I left the apartment twice to go to the ferry, and had to run back to the apartment both times to use the bathroom just one more time. Finally, though, I made it to the ferry (where I had to use the bathroom again, and made it out just before they stopped letting people board the boat). And then I made it to Manhattan. And then, even though normally I’d walk from the boat to the studio, I took a cab (also because it was raining) and I made it to SoulCycle.
And I survived the 60-minute spin class. I’m such a hero, I know.
I felt terrible during class. It’s amazing how quickly you lose fitness, and how quickly your muscles fatigue when you stop using them. I barely put resistance on my bike, and I struggled to lift the 3-lb. weights. (Wasn’t I just flying around the track and running 16 miles in Vermont? How the mighty-ish have fallen…)
When I walked out of class, a friend asked me how marathon training was going, and I just smiled and said “good,” lest I launch into my little sob story. He didn’t need to know all the not-good details. And when I picked up my phone and saw all the Chicago Marathon tracking alerts, I had the good sense to put my phone away, at least for a little while.
I’d love to say I spent the rest of Sunday feeling inspired and empowered and going to Whole Foods. But I didn’t. I came home, took a shower, and retreated back to the couch and my pajamas. I was sad and lonely — anyone will tell you that Crohn’s can be incredibly isolating — but I also didn’t want to see or talk to people. (Aren’t I a peach?!)
I’d also love to say I’m feeling positive today, since it’s a new week, and that I’m absolutely certain I can fight this flare and still run the New York City Marathon in a few weeks.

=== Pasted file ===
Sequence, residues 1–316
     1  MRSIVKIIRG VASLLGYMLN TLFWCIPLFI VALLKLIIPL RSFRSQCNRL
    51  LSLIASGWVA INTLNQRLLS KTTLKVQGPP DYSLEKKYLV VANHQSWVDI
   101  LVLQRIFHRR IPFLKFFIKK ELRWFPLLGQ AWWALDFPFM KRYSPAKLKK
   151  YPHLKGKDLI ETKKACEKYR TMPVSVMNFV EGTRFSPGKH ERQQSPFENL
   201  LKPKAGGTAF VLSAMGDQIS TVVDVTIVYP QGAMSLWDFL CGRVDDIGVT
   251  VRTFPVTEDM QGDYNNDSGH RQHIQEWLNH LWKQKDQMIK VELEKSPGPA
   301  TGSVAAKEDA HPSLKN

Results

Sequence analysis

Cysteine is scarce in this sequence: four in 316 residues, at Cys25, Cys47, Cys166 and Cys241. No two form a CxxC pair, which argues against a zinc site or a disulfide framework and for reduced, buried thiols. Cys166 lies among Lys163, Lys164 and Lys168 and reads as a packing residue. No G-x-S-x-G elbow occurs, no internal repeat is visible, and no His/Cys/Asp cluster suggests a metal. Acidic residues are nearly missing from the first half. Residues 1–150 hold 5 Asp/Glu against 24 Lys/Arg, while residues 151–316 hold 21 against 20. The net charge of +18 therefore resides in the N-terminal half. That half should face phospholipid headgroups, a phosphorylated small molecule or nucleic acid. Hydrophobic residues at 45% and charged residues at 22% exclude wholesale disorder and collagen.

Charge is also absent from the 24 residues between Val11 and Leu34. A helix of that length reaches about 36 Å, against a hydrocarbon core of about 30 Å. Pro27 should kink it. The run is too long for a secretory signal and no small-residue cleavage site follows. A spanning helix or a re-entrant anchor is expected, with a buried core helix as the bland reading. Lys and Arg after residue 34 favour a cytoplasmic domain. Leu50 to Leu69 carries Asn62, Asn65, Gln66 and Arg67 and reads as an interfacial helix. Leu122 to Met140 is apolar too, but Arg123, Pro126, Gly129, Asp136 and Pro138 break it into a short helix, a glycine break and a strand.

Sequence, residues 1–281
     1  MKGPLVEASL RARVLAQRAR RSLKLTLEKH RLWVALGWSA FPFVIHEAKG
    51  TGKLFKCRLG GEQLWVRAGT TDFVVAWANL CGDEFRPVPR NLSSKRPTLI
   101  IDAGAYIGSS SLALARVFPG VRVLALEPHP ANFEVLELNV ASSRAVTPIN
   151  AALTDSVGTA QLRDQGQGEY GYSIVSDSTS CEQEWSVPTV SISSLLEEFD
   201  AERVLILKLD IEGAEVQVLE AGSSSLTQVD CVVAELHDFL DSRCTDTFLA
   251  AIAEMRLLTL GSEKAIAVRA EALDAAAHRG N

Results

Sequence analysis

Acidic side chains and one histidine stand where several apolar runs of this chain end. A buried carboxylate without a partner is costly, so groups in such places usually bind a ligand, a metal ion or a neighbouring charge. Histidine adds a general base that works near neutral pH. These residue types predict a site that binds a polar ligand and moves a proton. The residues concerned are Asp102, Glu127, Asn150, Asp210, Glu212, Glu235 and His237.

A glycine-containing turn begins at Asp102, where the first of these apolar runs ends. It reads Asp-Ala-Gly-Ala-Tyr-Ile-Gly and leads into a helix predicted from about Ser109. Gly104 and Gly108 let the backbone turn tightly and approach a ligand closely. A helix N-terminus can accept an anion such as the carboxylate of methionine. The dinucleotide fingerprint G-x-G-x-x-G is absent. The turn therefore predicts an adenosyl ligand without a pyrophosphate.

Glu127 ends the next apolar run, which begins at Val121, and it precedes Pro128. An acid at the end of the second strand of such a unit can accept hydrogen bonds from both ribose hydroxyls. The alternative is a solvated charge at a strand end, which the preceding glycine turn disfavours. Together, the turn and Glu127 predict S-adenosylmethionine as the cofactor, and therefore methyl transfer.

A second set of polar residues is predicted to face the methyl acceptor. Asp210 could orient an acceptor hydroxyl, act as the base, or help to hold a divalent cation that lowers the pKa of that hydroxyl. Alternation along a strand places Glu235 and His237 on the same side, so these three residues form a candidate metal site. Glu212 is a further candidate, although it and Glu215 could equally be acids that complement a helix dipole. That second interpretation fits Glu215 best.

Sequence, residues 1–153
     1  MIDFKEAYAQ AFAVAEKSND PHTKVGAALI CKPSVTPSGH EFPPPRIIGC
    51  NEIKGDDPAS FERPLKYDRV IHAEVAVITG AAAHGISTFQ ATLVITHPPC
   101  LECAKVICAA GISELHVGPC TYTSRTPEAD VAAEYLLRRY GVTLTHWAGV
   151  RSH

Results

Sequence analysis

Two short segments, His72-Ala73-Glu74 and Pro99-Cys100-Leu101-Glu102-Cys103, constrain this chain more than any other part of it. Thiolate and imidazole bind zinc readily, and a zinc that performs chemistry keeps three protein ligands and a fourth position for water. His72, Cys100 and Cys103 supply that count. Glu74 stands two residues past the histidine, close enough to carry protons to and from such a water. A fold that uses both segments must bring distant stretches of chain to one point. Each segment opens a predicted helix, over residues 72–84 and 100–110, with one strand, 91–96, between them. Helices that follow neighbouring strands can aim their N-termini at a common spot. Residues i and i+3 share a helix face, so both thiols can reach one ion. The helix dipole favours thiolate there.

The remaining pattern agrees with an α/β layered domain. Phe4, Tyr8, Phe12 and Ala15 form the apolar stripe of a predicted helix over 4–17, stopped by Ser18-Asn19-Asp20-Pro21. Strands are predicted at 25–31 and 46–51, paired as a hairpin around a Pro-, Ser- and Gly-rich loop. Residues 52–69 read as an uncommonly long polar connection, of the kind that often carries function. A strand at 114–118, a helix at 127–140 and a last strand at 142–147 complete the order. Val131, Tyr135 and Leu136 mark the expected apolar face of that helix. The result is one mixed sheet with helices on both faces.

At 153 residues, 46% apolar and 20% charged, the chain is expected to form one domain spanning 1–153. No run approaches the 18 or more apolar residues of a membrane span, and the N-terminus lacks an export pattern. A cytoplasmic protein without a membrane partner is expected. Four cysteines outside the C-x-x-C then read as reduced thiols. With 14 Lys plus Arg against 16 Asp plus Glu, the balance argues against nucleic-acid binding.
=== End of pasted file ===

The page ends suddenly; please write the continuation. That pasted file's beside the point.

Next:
But that’s the thing: The marathon is in a few weeks now.
My last long run was a long time ago. It’s been weeks since I’ve run a mile, and even longer since I ran a mile without making a bathroom stop. The pain and discomfort are constant, and I don’t even look at my training plan anymore. I used to try to run and sometimes I’d fail, but now I’m not even up for trying.
And, because of insurance issues (ugh), I’m not seeing my doctor until October 19. That feels like a lifetime away right now, and even once I see him, there’s no plan in place yet. So we have to figure out next steps. I know he’ll do whatever he can to help me get back on my feet, whether it’s in time for the race or not, but I also know how this goes sometimes. I know that sometimes it takes a while. I’ve come back from flares overnight before — seriously — but I’ve also spent years at a time in this icky little place. TBD. So much TBD.
I know to take one day at a time. I know it helps to maintain a positive attitude. I know sometimes you have to fake it until you make it. I know I’m lucky not to have all the side effects and symptoms right now, like the fevers and the night sweats. I know that, expensive as this disease is, I had the good sense to saving money starting at a young age (thanks for the pro tip, Dad!) for times just like these.
I know all that. But it doesn’t make it any easier.
An upside to wrap this all up? There are little victories sprinkled throughout my days, and for those, I am very grateful. Last night — after writing most of this post — I managed to pick Ellie up from school and walk her home without any emergency stops. We even stopped and played with her friend Peanut in the dog park for a while. The temperature was perfect, the sunset was gorgeous, and the air felt crisp. (I realize it’s been fall for a little while now, but I barely get outside, so this was news to me.) I made sure to breathe really deeply, and in those fleeting moments, I felt happy and grateful.
And all the while, my pants were unbuttoned to avoid putting pressure on my stomach.
So that’s where I’m at.
HOW ARE YOU?